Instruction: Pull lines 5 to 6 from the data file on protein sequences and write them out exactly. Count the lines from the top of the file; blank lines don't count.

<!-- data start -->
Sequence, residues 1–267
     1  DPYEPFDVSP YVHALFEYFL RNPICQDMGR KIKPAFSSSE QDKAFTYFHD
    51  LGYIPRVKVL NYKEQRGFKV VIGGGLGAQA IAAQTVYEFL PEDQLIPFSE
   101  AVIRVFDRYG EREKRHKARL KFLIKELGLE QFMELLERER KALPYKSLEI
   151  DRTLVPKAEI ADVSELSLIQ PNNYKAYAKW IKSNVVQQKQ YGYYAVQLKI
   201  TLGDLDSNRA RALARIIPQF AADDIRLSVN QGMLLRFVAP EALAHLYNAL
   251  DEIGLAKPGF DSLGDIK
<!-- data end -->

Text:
   151  DRTLVPKAEI ADVSELSLIQ PNNYKAYAKW IKSNVVQQKQ YGYYAVQLKI
   201  TLGDLDSNRA RALARIIPQF AADDIRLSVN QGMLLRFVAP EALAHLYNAL